Buban pledges longevity, stability in coming years

“I want this campus to be successful across the board in all areas. That includes academics, that includes fine arts, and that includes athletics.”

The goal of our new principal, Lane Buban, is crystal clear and he has plenty of ideas on how to achieve it.

“Having good teachers and getting input from students [will help us be successful],” Buban said. “I feel like students need to have a voice and a say in how decisions are made on campus to some degree.”

Having a new principal creates a little change and instability, but that’s nothing compared to having four different principals in five years.

“I don’t think there has been a lot of stability and consistency in the last four years,” Buban said. “It’s not a good feeling to have, but I’m not going anywhere; I hope to be here for several years.”

This lack of stability has affected students and teachers, mainly by raising questions like what Buban will expect from all on campus.

“[Students] need to have consistency, they need to feel comfortable in the fact that they have someone that’s going to be here to take care of them and help take care of the school,” Buban said. “And to some degree, I think that happens to teachers too.”

Adjusting to a new principal can be hard, however associate principal JP Luna said that with Buban it will be easier since he was previously the principal at Sam Rayburn and has worked with some of the teachers and administrators at Bryan High.

“A lot of times when you work with somebody new there’s that time where you have to establish the trust,” Luna said. “The trust is there, I have no doubt in my mind that he supports me. Whatever he says, I’m behind him a hundred and ten percent.”

Buban has already started a few programs and policies to make school a better place for everyone.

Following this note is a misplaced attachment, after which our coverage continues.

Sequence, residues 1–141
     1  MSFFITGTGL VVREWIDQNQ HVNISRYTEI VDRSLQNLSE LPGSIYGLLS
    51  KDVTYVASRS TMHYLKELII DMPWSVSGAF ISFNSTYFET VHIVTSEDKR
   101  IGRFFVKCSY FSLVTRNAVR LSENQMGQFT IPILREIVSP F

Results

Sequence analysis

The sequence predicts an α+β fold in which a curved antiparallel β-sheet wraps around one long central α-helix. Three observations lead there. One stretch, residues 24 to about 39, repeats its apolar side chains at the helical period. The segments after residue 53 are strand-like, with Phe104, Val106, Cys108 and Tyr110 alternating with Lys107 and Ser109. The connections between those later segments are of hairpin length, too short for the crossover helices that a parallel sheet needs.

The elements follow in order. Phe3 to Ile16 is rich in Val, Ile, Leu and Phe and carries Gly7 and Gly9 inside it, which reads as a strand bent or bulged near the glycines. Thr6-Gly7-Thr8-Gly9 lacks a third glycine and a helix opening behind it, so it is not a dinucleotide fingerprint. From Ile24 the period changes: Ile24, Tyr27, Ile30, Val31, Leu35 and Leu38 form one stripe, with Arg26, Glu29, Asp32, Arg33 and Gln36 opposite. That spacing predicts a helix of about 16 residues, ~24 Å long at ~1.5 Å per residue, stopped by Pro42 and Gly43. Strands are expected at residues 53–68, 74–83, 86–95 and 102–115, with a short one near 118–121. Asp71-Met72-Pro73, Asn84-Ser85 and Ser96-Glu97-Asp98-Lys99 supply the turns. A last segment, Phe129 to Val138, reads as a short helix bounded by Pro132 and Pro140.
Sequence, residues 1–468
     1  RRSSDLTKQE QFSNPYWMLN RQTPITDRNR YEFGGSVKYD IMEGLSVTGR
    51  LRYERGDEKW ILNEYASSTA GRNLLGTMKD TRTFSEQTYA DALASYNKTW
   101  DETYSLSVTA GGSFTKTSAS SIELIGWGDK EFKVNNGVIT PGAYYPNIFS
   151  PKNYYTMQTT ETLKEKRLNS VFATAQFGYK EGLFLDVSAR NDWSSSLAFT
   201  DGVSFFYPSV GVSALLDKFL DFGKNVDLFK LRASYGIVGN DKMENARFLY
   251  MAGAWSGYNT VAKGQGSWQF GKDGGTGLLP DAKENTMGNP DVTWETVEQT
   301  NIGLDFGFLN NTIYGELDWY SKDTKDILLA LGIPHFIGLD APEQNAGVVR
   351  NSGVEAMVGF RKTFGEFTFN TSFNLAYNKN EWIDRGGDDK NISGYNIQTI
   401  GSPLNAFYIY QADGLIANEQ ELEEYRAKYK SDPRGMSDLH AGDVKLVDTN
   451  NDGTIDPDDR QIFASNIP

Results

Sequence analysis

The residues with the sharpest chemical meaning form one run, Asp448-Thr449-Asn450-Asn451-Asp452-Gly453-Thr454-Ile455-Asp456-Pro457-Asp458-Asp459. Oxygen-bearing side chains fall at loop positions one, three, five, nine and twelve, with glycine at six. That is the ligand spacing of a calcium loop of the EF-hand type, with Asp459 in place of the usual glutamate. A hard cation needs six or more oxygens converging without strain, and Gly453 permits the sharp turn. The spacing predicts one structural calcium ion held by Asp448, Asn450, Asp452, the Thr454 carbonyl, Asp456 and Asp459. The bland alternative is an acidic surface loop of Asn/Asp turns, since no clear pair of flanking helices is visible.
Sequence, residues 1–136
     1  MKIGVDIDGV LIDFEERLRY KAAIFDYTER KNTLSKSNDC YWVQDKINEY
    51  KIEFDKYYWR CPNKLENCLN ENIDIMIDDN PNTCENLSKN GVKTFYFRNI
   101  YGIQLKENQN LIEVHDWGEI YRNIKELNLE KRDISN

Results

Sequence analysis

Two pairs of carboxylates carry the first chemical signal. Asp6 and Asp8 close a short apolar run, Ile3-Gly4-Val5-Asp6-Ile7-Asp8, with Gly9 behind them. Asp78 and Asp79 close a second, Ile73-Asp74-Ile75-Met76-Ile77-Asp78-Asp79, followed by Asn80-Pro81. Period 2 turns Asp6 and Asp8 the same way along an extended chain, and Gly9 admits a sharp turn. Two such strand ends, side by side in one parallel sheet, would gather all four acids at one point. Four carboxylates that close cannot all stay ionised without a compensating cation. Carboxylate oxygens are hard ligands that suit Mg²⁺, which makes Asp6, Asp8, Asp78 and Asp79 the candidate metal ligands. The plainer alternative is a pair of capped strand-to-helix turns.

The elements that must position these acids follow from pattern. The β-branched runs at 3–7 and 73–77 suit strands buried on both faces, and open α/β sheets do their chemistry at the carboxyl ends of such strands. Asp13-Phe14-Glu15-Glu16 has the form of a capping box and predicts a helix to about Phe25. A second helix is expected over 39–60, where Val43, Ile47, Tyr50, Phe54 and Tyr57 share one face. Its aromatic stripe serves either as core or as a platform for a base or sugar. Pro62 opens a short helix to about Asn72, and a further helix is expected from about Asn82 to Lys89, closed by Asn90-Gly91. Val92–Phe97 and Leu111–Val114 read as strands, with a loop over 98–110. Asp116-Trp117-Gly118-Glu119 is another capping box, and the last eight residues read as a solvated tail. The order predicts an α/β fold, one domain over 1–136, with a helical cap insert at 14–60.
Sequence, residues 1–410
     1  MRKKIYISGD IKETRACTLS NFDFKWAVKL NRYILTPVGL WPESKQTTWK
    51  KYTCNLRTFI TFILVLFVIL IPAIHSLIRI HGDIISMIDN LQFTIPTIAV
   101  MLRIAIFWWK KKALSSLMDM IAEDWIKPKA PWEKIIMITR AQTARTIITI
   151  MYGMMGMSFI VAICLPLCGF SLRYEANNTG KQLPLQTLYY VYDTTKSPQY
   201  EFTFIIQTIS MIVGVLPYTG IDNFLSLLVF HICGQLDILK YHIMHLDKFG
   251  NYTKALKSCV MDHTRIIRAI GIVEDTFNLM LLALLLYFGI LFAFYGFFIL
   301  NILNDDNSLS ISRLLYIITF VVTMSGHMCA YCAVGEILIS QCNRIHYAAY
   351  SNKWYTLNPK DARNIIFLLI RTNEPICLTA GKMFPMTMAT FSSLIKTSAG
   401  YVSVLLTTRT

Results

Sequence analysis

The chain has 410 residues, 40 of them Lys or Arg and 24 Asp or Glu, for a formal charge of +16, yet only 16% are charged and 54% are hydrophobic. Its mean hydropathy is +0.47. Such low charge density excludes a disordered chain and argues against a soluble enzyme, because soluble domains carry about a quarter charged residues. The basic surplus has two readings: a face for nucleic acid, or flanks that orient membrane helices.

“There’s one big thing that is kinda of in the works for this year, and it’s called Living a Better Story,” Buban said. “We are going to look at doing that in the spring, it’s going to be affiliated with a group in the core cadets. It’s about getting students to put service above self, meaning that getting students to understand that giving back to this school and our community is important.”

Although Buban is coming in with new ideas on how to make our school better, he is continuing many of the positive changes put into effect last year such as the Pride program.

“I’m a real big believer in positive incentives,” Buban said. “Those type of things are important because I think that the kids who come to school and do the things they need to be successful, and they try and they work hard, they don’t get enough recognition [for it].”

Buban hopes that these positive incentives help students figure out what they want to do after high school, but understands it’s okay to have a change of heart after about what they want to pursue.

“I worked at Hermann Hospital with heart patients, “ Buban said. “And I did their rehab after angioplasty or bypass surgery or a heart attack,”

After working in Hermann Hospital Buban went back to school to get a masters degree in exercise physiology. However, teaching an undergraduate class exposed Buban to teaching and he found that it was perfect for him.

“Part of the time I was working with a professor and I ran his lab, so I taught undergraduates physiology lab classes, and I really enjoyed teaching,” Buban said. “I just kind of fell in love with it. Through all that I didn’t want to teach at the college level so I ended up looking at public schools, and that’s how I got into teaching science at public school.”

While going through life, Buban has had obstacles that he has overcome, but he never gave up.

“I had a little dealing with cancer about a year ago, and I had some surgery. The tumor was removed, and then I had chemotherapy and radiation,” Buban said. “You just never know, just never give up; whatever circumstance you’re in, never give up.”

Buban has lots of life experience and wants to try to make students life better by offering them advice.

“One of my favorite quotes is from William Churchill, it was during World War II, ‘Success is not final, failure is not fatal: it is the courage to continue that counts,’” Buban said. “To me that’s huge, because we’re human, we all make mistakes, I understand that.”